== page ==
10 Things I Never Knew About Bulgaria

For those of you who’ve been following along on Instagram you know that I love a good fact. Over the summer I visited many countries in the Balkans that I honestly knew nothing anything about. I couldn’t have pointed out Kosovo on a map or told you the capital of Albania. But I’ll keep the facts on my new “10 Things I Never Knew About X” series a bit more interesting, I promise! Let me know in the comments which countries you’d be interested in learning more about!

10 Things I Never Knew about Bulgaria



1. Bulgaria is Outside the Schengen Area


I  hadn’t realized before that Bulgaria wasn’t part of the Schengen zone. They are members of NATO and the EU but they’re outside of the grouped 90 day visa zone in Europe. Americans can actually stay in Bulgaria for 3 months during a 6 month period. Playing the Schengen zone visa game is what initially led me to the Balkans this summer and ultimately to discovering so many incredible places. If you’re in the same rut, I would absolutely suggest adding Bulgaria to your wish list of European, non-Schengen places to visit.

2. Bulgaria is Home to the Oldest Inhabited City in the Europe


Bulgaria’s second largest city is also the oldest in Europe clocking in at 8,000 years. Plovdiv is even older than Athens and Rome! Over the last 800 decades it’s been under the rule of the Romans, Macedonians, Byzantines, Ottoman Turks and of course, the Bulgarians.

3. A Bulgarian Psychic Predicted Major World Events


While in Plovdiv on the Free Walking Tour for Visit.org I came across a portrait of Baba Vanga on Sahat Tepe Hill. She’s surrounded by historic Bulgarians and is the only woman muralized here. Baba Vanga had lost her vision after suffering an injury as a child. With her sight gone, she was blessed with the ability to see the destinies of others and the world. She’s been making headlines lately as she had claimed that there would be no 45th President of The United States of America. She correctly foresaw that the 44th President of the U.S. would be African-American. The clairvoyant had predicted 9/11 in 1989 stating that she saw steel birds attacking the American brethren.

4. Bulgarian Tomatoes were Once Worth Their Weight in Gold


Or more correctly, in ABBA Records. During the Iron Curtain of communism, Bulgaria’s government agreed to trade their prized tomatoes with Sweden for ABBA records! They were the only thing that crossed borders during the era. The music brought citizens joy in an otherwise dark time.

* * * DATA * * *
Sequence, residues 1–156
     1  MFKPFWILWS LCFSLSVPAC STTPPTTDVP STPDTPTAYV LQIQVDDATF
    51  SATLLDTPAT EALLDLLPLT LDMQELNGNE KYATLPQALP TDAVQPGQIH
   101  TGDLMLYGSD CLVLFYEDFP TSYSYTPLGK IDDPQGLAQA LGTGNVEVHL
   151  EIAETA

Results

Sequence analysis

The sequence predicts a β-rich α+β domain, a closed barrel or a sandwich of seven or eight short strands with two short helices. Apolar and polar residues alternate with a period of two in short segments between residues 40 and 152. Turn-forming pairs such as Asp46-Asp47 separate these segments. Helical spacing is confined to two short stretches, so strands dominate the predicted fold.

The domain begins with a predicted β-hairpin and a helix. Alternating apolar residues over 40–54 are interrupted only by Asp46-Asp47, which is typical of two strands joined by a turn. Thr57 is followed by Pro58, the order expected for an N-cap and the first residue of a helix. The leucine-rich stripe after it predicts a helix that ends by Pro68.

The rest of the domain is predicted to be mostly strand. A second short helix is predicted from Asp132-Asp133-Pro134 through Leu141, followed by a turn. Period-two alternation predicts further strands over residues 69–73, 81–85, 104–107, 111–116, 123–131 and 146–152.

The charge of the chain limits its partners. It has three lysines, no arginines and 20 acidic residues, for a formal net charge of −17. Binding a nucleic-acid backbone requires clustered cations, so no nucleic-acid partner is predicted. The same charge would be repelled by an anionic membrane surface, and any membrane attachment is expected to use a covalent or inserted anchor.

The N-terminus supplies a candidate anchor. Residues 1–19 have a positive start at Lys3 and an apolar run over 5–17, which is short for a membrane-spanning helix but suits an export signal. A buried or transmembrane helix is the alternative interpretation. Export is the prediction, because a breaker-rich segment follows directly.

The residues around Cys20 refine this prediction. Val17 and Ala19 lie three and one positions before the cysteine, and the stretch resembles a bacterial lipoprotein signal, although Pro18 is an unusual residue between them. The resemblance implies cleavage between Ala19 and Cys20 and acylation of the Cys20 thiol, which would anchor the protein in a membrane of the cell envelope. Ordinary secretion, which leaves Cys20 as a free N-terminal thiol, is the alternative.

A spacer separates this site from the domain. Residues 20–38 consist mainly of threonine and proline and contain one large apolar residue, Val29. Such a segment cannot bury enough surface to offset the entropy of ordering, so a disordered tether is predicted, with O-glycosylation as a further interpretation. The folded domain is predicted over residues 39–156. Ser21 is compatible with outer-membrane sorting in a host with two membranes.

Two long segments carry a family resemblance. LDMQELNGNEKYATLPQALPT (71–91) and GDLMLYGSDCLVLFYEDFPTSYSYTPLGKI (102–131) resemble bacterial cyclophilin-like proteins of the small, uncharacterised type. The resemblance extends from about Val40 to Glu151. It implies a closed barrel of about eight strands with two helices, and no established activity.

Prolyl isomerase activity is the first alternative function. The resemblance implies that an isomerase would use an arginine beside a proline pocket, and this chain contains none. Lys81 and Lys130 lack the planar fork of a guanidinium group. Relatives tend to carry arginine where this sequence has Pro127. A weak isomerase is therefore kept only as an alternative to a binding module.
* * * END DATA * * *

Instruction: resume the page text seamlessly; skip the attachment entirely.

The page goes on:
5. Not a Single Jewish Bulgarian was Sent Abroad or Killed in WWII


During WWII Bulgarians saved their entire Jewish population by convincing the Nazi party that they were needed locally for infrastructure work. The building projects would be continuously extended to keep the Bulgarian Jews out of Holocaust camps. Ultimately 48,000 Jewish Bulgarian citizens were saved.

6. Sofia is a Secret Foodie City


Her Majesty, aka Banitsa, is a delicious, gooey, cheese and filo dough pastry that you haven’t lived until you’ve tried. Bulgaria is the queen of all comfort food offering an incredible array of fresh soups made with local produce and of course, lots of cheese. The current food culture is shifting back towards traditions of farm fresh meals prepared slowly. Ingredients vary from local veggies to more modern, trendy foods such as quinoa, avocado and matcha. Some of my favorite spots were Sun Moon, Supa Star and Made in Home. The Balkan Bites food tour was a highlight of my trip and cost absolutely nothing.

7. The Oldest Building in Sofia is 17 Centuries Old



St. George is the oldest building in Sofia and the only one dating from the Roman era. Incredibly, its complete original structure from the 4th century is still standing. With its round shape it is no surprise that it was originally used as a warehouse for coal in the ancient town of Serdica. If I hadn’t gone on the Footura Sofia Walking Tour with Visit.org, I would’ve never seen this historic structure as it is hidden in a square surrounded by modern hotels.


8. Red Red Wine



I had no idea that Bulgaria made some truly incredible wines! In the south-west area of the country, near the picturesque Melnik village and the mountainous border with Greece, there are dozens of extraordinary vineyards. Melnik 55 is produced by Logodaj Winery and is one of the best wines I have ever had! It is a heavy bodied red with cherry, spice, vanilla and nut aromas. A bottle cost less than 5 euros. We also visited Villa Melnik and Orbelus, which has a winery shaped like a massive barrel!


9. Bulgaria has Pyramids


When I am on the road a lot of my planning is done by zooming into Google Maps to find historic sites. As I am usually doing this on a bus, train, plane or car without WiFi it often means I can’t access the pictures but can just see the location on the map. I was immediately interested when I kept seeing markers for pyramids in Melnik. Without WiFi I could only assume that these must be some ancient structures built by early humans. I couldn’t have been more wrong. They are actually a pretty amazing feat of Mother Nature. These natural pyramids are constantly changing over time as they’re made of sand, not rock.

10. Bulgaria has The Most Beautiful Monastery in the World


The Rila Monastery is the most beautiful religious site I have ever seen! It was founded in the 10th century by Saint John of Rila but was destroyed by fire and was rebuilt between 1834 and 1862. The structure is a brilliant example of the Bulgarian Renaissance style. Today, the Monastery is still the most sacred Eastern Orthodox place in Bulgaria due to its history and it’s position in Rila, the highest Balkan Peninsula Mountain.  


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